The Dutch Wadden Sea region

Cooperation for sustainable development of the region

Knowledge and Education
Local Economy Development
Alternative Tourism

A best practice example regarding cooperation between cross-border countries and local stakeholders to sustainably develop an internationally recognized natural site, protect its fragile environment, reduce conflicts, develop partnership to create new business opportunities based on local heritage and increase environment and sustainable awareness.    

The Wadden Sea area lies north of the Dutch coast and stretches over two additional countries (Germany and Denmark). Part of the area is a UNESCO world heritage site for being the largest unbroken system of intertidal sand and mud flats in the world, with natural processes undisturbed throughout most of the area. It is a unique ecosystem characterized by rich flora and fauna (the wetland system is a critical habitat for millions of birds). 

The area also includes many human activities, tourism is a major source of income, the agricultural sector is also important and fisheries have always been part of the traditional culture. Gas and sand extractions, ports and industrial activities are also present in the area. Multiple activities coexist and inevitably put pressure on this unique natural ecosystem. The Wadden Sea area also faces social challenges with a decline-aging-population coupled with a higher employment rate compared to the national level. The Danube mouth (Romanian’s COASTAL case study) shares many common characteristics with the Dutch Wadden Sea.




  • Public awareness and lifestyle (including food habits)
  • Lack of a scientific/policy interface to support management decisions
  • Lack of information/education



To facilitate the cooperation in nature management, in 1987 a Trilateral Wadden Sea Cooperation (TWSC) was established, between The Netherlands, Germany, and Denmark, with the Council of Ministers that meets every three years at the Wadden Sea Governmental Conferences and a Wadden Sea Board (WSB) that is the governing body of the Cooperation and supervises the Common Wadden Sea Secretariat (CWSS). In 1997, a Trilateral Wadden Sea Plan was adopted which defines common management targets, updated in 2010. More interestingly, The TWSC, established in 2002 as the Wadden Sea Forum (WSF), is an independent platform of stakeholders from Denmark, Germany, and The Netherlands with representatives of all sectors: Agriculture, Energy, Fisheries, Industry and Harbour, Nature Protection, Tourism, as well as local and regional governments. National governments are represented as observers. The WSF focus on the sustainable development of the trilateral Wadden Sea Region by integrating specific cross-sectoral and transboundary strategies, actions, and techniques that are environmentally sound, economically viable, and socially acceptable (WSF, 2010). Through the exchange of information on best practices and experiences, implementation of actions and projects which bring together stakeholders and the scientific community, advising on sustainable development, implementing an ICZM strategy, as well as serving as a consultation body for governments, the Wadden Sea Forum contributes to land-sea synergies. The WSF provides a platform for stakeholders to discuss, exchange, and negotiate on conflict issues, and develops collaborative strategies thus, enhancing coastal-rural collaborations.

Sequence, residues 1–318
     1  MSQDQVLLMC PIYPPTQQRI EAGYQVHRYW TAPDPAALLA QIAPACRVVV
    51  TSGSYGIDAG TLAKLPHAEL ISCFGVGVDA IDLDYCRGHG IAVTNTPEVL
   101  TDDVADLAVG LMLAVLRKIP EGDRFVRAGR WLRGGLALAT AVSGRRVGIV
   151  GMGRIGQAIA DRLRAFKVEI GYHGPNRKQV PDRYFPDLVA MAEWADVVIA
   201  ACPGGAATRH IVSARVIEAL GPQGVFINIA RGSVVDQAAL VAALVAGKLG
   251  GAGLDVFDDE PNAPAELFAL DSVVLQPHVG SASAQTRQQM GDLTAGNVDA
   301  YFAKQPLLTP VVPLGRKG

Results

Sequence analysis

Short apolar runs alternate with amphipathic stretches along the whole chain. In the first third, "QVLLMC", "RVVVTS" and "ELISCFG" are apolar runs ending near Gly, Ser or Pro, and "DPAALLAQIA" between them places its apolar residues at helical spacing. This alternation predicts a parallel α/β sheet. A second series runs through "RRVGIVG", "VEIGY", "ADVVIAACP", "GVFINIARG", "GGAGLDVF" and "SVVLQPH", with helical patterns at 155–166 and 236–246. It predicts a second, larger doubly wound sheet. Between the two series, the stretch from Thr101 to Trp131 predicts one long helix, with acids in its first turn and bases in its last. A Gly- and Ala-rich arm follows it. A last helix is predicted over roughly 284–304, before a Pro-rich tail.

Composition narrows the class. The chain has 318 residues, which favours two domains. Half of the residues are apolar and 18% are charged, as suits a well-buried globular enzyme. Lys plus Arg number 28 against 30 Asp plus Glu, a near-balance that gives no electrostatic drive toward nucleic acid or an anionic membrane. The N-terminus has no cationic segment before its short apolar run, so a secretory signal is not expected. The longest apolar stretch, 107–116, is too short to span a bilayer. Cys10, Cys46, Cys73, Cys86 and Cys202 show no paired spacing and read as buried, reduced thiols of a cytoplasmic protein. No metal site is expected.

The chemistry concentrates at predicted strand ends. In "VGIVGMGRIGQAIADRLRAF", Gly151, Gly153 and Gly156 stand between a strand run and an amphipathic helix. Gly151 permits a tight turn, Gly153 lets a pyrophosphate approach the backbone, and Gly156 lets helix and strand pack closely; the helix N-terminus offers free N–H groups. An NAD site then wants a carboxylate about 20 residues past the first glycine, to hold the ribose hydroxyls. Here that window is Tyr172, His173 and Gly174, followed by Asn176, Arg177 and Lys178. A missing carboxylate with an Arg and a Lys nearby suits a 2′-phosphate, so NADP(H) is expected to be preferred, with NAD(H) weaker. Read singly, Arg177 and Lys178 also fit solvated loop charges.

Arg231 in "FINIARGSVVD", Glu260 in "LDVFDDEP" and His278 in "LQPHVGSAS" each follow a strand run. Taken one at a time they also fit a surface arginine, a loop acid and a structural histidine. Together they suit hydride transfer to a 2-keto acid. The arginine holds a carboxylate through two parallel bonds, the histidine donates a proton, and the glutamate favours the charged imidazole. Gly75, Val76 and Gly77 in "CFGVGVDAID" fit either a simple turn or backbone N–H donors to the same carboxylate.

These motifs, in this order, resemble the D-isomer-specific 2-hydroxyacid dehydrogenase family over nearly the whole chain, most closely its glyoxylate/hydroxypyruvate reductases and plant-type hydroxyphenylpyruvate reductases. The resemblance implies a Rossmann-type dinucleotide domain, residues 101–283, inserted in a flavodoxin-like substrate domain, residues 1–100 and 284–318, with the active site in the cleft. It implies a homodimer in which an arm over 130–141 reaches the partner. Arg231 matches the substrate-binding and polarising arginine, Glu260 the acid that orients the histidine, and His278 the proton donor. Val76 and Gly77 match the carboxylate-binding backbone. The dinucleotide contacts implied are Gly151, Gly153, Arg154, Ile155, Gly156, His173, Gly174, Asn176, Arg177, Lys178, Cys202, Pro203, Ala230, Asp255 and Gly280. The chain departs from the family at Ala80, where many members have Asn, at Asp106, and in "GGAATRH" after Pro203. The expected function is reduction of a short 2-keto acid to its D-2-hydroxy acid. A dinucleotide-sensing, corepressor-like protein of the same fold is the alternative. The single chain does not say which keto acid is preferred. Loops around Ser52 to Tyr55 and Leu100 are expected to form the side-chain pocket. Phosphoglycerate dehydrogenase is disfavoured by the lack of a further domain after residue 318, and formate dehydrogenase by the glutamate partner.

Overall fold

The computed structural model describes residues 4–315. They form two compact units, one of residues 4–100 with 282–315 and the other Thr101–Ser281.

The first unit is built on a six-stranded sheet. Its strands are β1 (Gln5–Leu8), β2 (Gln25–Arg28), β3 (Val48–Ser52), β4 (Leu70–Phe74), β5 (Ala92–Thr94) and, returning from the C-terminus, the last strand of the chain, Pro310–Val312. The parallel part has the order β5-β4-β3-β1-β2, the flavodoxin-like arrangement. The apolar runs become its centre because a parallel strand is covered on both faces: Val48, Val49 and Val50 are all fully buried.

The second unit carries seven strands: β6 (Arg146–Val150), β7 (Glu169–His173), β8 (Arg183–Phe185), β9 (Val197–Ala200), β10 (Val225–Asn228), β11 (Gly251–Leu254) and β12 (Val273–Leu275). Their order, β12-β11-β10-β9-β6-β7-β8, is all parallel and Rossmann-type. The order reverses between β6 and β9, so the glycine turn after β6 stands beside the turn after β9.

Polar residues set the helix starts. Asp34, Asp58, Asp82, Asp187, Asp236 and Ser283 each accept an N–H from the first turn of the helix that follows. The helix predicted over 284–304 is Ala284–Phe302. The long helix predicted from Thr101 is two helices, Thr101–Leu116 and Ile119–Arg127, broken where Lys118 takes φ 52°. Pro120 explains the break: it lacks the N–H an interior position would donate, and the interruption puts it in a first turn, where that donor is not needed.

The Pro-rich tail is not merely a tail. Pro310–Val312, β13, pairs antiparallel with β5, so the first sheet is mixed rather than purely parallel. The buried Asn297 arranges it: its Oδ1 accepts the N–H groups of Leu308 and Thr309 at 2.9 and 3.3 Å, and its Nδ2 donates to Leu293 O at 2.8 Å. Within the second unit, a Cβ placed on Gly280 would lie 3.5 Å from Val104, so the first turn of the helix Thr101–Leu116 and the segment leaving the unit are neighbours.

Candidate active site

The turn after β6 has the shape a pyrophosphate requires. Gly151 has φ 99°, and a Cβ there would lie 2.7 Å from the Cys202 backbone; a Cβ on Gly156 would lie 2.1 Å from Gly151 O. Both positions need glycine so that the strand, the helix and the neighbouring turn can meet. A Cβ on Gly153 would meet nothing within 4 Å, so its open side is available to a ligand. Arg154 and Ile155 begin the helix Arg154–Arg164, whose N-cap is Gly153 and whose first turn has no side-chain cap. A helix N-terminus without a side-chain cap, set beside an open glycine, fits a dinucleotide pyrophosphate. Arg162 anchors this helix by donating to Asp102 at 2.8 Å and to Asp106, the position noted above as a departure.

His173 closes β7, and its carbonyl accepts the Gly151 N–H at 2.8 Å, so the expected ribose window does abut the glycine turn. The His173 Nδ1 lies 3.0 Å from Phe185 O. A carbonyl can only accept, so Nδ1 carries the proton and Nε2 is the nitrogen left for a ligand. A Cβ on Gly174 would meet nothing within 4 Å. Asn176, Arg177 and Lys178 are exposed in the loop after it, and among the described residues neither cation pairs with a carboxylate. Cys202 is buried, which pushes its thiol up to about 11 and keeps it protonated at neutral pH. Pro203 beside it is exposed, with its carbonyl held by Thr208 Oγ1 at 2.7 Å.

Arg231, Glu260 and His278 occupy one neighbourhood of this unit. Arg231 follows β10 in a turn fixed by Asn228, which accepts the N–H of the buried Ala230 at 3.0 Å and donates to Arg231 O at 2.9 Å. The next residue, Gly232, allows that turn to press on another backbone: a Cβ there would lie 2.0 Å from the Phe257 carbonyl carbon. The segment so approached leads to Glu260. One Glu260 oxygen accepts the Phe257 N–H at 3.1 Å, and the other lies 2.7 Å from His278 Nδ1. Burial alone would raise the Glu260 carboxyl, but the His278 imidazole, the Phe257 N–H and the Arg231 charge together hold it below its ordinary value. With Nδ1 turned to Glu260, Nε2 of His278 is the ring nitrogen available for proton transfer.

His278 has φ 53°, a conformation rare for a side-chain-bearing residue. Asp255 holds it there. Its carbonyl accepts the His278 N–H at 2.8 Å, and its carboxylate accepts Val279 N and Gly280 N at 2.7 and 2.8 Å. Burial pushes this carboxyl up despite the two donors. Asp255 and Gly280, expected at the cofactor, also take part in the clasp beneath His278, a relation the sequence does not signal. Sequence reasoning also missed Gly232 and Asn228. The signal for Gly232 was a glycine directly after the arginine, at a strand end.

Sustainable development strategies, new practices to tackle local issues, and innovative business solutions, all need a deep understanding of local characteristics in order to be successfully implemented. The Walter project implemented, between 2011 and 2015, a monitoring program and launched a public online platform that provides advice for monitoring (themes), grants access to relevant Wadden Sea area data (data portal) and functional data and information products (tools) for policy and decision-making and science. The monitoring process goes by themes:

  • Natural values of tidal flats
  • Aliens species
  • Renewable energies
  • Climate and nature
  • ‘Demography and quality-of-life
  • Gas and salt extractions
  • Tourism
  • Economic sectors
  • Shellfish fisheries
  • Climate and safety
  • Dredging

The monitoring program covers the economic, environmental and social aspects of the Wadden Sea area. The public access to the data offers the civil society and all local stakeholders (publics and privates) scientific knowledge for a better understanding and sustainable development of the Wadden Sea area.